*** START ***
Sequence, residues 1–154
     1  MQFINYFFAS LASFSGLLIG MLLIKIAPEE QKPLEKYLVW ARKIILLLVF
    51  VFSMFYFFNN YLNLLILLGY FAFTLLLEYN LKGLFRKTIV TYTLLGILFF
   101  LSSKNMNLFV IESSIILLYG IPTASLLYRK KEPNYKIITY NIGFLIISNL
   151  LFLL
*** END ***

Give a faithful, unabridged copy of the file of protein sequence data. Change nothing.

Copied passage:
Sequence, residues 1–154
     1  MQFINYFFAS LASFSGLLIG MLLIKIAPEE QKPLEKYLVW ARKIILLLVF
    51  VFSMFYFFNN YLNLLILLGY FAFTLLLEYN LKGLFRKTIV TYTLLGILFF
   101  LSSKNMNLFV IESSIILLYG IPTASLLYRK KEPNYKIITY NIGFLIISNL
   151  LFLL